UPDATE: 15jan09 - Look what's happened: free broadcom firmware. /UPDATE.
Debian has made it super easy to get your wireless going if your box uses the AirForce One. Which is very likely as Acer, Dell, etc. use these cards on their laptops. If you own a laptop with this card and you want wireless networking you've arrived at the right place. You'll need about 2 minutes to complete this task.
See bottom of article for important nerve-saving advice
Fire-up a your terminal-fu and quick check to:
will show you the card info you need to get started. Mine reads:
00:0b.0 Network controller: Broadcom Corporation BCM4318 [AirForce One 54g] 802.11g Wireless LAN Controller (rev 02)
on my Acer Aspire 5003 laptop.
Last night I nuked and reinstalled my Etch system on my laptop. Man have those programmers made it easy to install Etch -- but that's a different article for a different day -- today is all about wireless.
There is only one program that I had to install and one file management task that I had to accomplish to get wireless up and running. SO, let's get right to it as my stomache is starting to growl...
People are a little confused about the bcm43xx driver that comes with Etch now. They are of the impression that since this is installed automatically now and they see info on it when they run $ dmesg that there must be some error or problem becaue their wireless does not work out-of-the-box. Well, it's simple. Ya -- Etch includes the bcm43xx driver, but it does not include the firmware necessary for the hardware. You still need to get that firmware installed on your box. But fear not, it's all auto, baby. Here's what I did:
Prerequisites include having the linux-headers specific to your kernel and you should have build-essential installed as well. In fact, you should install build-essential on all your Debian boxes as a rule. Also, don't forget to append the end of your repo entries with the contrib repository. bcm43xx-fwcutter is not in the main repositories. See my repositories below:
deb http://debian.uchicago.edu/debian/ etch main contrib non-free
deb-src http://debian.uchicago.edu/debian/ etch main contrib non-free
deb http://security.debian.org/ etch/updates main contrib
deb-src http://security.debian.org/ etch/updates main contrib
deb http://deb.opera.com/opera/ etch non-free
deb http://mirror.home-dn.net/debian-multimedia/ etch main
deb-src http://mirror.home-dn.net/debian-multimedia/ etch main
Go here (Debian mirrors) to pick a mirror closest to you.I fired up my terminal, became root and installed bcm43xx-fwcutter. During the install of bcm43xx-fwcutter I was asked if I would like to download and extract the firmware for the card. There was no "Hell yeah!" option, but yes was there - so that's what I chose.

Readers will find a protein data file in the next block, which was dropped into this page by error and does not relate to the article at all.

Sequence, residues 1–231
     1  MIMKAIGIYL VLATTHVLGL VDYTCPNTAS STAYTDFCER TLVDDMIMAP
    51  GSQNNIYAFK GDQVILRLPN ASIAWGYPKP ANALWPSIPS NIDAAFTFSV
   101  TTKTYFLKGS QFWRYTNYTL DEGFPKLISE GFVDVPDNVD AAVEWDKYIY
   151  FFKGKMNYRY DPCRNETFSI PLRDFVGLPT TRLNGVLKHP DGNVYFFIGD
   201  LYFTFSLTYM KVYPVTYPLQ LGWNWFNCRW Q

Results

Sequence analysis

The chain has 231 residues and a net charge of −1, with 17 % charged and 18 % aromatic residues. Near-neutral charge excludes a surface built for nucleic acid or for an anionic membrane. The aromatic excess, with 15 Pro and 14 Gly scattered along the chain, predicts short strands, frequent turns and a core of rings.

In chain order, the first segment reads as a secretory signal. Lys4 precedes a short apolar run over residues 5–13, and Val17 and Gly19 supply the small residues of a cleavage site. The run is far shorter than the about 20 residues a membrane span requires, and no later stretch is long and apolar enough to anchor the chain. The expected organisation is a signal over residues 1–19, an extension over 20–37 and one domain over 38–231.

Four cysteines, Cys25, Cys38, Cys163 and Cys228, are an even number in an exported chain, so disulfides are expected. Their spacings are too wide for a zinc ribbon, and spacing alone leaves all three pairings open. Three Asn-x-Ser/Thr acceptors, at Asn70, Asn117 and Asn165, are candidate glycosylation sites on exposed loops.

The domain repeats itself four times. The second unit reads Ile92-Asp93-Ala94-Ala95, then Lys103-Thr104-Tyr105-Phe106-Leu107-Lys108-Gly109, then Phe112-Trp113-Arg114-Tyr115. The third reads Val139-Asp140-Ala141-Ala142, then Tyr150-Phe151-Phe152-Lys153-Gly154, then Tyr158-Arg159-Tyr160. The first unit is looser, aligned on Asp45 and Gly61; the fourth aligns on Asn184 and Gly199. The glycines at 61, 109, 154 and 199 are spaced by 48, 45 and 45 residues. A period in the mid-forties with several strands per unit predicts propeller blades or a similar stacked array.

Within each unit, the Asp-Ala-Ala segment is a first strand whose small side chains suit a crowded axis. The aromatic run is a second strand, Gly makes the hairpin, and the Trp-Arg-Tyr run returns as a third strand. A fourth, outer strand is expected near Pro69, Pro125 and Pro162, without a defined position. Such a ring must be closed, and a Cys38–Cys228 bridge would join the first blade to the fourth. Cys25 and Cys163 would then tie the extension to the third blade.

After you run bcm43xx-fwcutter, if you anwsered yes to the aforementioned question, you will have the necessary files to run your card extracted into the /lib/firmware directory. Next, I unplugged my cat-5, or, "ethernet" cable and went to the following menu:Desktop --> Administration --> Networking.There I config'd my cards - there was an eth0 which Debian saw as my ethernet card, and eth1 which it saw as my wireless card. Sometimes on install it reverses these. No worries.You can clearly see from the pic that Debian has both "cards" listed. You simply click on your wireless listing, choose properties, and fill in your credentials. You set the essid and password up when you configured your router. Put the same info in here. Choose to allow dhcp to pick up an IP address for you or set a static ip yourself. I usually pick a static IP becuase my server wants to share its resources (printing, etc) to specific IP addresses. I'll allow DHCP when I plug my laptop into another network. There can be problems if you run both your eth0 and eth1 concurrently, so I like to activate my wireless card and deactivate my ethernet card. You will also see in the properties of each that there is a check box "enabling" each connection. This means that when you boot your machine both cards will be ready to go. I have both of my cards checked, so they are both enabled, however only one is activated at a time.Finished. This whole proceedure took about 2 minutes.Let's quickly recap, because I wrote this:
: Lately the firmware server that fwcutter hits up for the firmware has been down. I noticed this the last time I installed my Etch desktop and I apologise for not updating this tutorial sooner. Anyway, the way that I used fwcutter for now, until those fellas get their server right again, is to use it to install the firmware drivers that I already have. If you don't have a Windows driver disc with your firmware drivers on it for your wireless you can scour the web for them or you can use these
) -- or these
These drivers are not
for Lenny and kernels begining at 2.6.22.
The way that I do it is to make a directory to extract the archive to, extract the firmware, cd
into the extracted directory, and then call bcm43xx-fwcutter like this
# bcm43xx-fwcutter -w /lib/firmware bcmwl5.sys
What this does is extract the firmware from the .sys
file and install it into that directory in the command. Piece of pie, works like a charm. Further Update - 17 Feb 2008
: an important tidbit about bcm43xx-fwcutter since Etch v4.0r4: "Updated versions of the bcm43xx-fwcutter package will be distributed via volatile.debian.org. The package itself will be removed from etch with the next update." ... continue with this tutorial....
--machiner 20 jan 2007See the forum post - here
- install bcm43xx-fwcutter
- let it download and extract firmware
- use network-admin to set your wireless connection up
- disable ethernet to use wireless
- happy networking